Health & Wellbeing: BAPAM8:50, 15th October 2018
Coriander Stuttard concludes her series on health and wellbeing with a look at BAPAM, the umbrella organisation for performing arts medicine
As performing artists we are constantly reminded how important our bodies are to our profession, both physically and mentally. Without them functioning to their full capability, it becomes difficult, painful and unproductive for us to carry on and the implications can be huge. But when problems do crop up – and it happens to everyone at one time or another – where does one start in finding the right people to turn to? Having spent the past months meeting practitioners with different areas of expertise, offering different holistic ways of helping performing arts professionals, I am concluding by turning the spotlight on the umbrella organisation that really is the go-to point: the British Association for Performing Arts Medicine (BAPAM).
The first musicians’ clinic was established in 1984 at the Royal Free Hospital in London by the late Ian James, a consultant pharmacologist with a strong interest in the health of musicians, and particularly the relationship between performance anxiety and physical problems. The research trust which he helped to establish grew into what is now the charity BAPAM. In turn, this has grown to serve all musicians, actors and dancers and it has also extended its range of services.
Dan Hayhurst, information officer at BAPAM, explains that the charity is there to offer expert, career-specific health advice at its clinics for anyone who derives an income from an arts career. He explains how it works in practical terms. ‘You do need to register, which is free and confidential. Our helpline staff will work out the most appropriate way we can help you. That might mean booking a free appointment at a BAPAM clinic to see a doctor (including specialist consultants like hand surgeons and rheumatologists), physiotherapist or osteopath, or it may be that the best source of help would be from an NHS service or a health care practitioner working independently. Our team are skilled at identifying care pathways and suggesting a variety of options. Our service is mainly advisory – we give you an expert assessment from a medical professional who understands the pressures of a career in music, and a plan to overcome the problem.’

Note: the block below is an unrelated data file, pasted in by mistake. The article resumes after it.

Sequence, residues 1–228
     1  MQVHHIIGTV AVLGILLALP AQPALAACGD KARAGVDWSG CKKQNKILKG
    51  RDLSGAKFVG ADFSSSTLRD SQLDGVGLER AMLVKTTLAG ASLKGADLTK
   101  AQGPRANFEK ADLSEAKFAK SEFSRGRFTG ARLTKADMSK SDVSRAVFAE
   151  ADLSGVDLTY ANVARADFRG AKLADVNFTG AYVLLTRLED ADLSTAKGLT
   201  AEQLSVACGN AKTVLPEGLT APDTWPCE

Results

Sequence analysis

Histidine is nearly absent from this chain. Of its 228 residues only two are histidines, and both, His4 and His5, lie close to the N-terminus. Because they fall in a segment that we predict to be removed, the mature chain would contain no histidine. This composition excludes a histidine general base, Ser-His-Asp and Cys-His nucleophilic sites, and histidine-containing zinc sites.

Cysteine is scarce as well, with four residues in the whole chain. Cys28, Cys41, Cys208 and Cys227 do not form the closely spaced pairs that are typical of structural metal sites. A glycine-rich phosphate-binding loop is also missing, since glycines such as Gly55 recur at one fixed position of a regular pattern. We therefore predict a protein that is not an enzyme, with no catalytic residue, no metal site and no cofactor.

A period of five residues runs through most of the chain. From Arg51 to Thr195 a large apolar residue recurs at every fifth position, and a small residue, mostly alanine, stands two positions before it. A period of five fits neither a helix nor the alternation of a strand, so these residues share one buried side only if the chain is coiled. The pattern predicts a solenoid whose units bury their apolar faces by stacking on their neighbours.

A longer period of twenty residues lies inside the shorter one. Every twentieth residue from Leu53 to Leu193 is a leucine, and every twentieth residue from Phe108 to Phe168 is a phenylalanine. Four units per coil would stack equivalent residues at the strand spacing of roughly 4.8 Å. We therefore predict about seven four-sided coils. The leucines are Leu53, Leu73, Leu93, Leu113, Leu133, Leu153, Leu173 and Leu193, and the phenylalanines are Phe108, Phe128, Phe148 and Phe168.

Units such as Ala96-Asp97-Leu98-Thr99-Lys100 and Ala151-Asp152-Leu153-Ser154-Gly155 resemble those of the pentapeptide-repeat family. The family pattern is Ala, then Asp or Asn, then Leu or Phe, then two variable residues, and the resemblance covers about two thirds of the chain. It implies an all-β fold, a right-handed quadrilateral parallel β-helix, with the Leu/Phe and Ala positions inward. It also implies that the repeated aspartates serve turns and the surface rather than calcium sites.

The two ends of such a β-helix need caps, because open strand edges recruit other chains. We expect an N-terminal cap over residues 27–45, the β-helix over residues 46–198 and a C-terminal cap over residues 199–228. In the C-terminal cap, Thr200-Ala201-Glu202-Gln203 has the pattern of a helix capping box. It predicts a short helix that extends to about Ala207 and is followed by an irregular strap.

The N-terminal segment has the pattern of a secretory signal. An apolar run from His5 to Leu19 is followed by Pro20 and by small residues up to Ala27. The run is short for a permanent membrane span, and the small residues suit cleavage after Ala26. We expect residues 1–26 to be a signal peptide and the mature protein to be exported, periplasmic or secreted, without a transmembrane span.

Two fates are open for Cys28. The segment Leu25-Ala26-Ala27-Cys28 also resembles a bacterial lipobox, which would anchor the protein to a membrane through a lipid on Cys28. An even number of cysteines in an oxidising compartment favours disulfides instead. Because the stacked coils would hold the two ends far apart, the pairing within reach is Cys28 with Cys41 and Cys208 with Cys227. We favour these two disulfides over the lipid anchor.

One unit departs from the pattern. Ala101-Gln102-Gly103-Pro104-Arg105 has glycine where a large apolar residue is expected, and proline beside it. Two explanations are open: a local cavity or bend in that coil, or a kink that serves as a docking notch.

Being a small charity, the team of people working at BAPAM offer bespoke advice. They consider each situation practically, sometimes offering a specific therapist or at other times pointing you towards a range of options from their extensive directory. ‘Some of the practitioners in our directory have very specific expertise,’ Hayhurst explains. ‘If you’re a clarinet player with jaw pain looking for a physiotherapist we could name an individual, but if you come to us looking for a psychotherapist specialising in performance anxiety, we’d be more likely to say have a look at the directory, call people, and see if you can find someone you feel is going to be a good fit for you. Of course we’re always happy to make suggestions, but sometimes it’s better for people to make their own decision. We’ll always offer you a free appointment at BAPAM if you want to talk through options with a doctor, and they may have colleagues in the NHS with specific expertise, or have a particular idea about a practitioner in the directory with the most relevant experience.’
Sometimes it’s not always practical for performers to wait to have access to NHS appointments and fees become an issue when using private practitioners, but the charity works with a number of support organisations – Help Musicians UK (a major funder of BAPAM), The Royal Society of Musicians and the PRS Members Benevolent Fund – to see if patients can access financial support. Some members in the directory offer reduced rates to BAPAM clients.
As well as offering specific advice for the musician in need, BAPAM offers a range of events and talks aimed at healthcare practitioners, educators and performer support organisations, and the interested musician is welcome to attend. There are also lectures and workshops run by its practitioners that discuss how to avoid health problems and keep performing at your best. BAPAM will partner other organisations to run these, for example working with the Musicians’ Union in Scotland and London later this year and also going into conservatoires and music schools. The website is comprehensive and its news page is full of current trends and information for the working musician.
BAPAM helped establish the Performing Arts Medicine MSc at UCL which it now continues to support. Many of the BAPAM clinicians teach on the course; students come in to observe clinics and several alumni are now either helping BAPAM clinicians or are in the directory themselves. The practical ideas behind this investment for the future speak for themselves – it’s beneficial for everyone to have experts in training, ready and waiting for when patients might need them. And from the artists’ point of view, knowing who to trust or who to turn to is fundamental to maintaining a healthy career.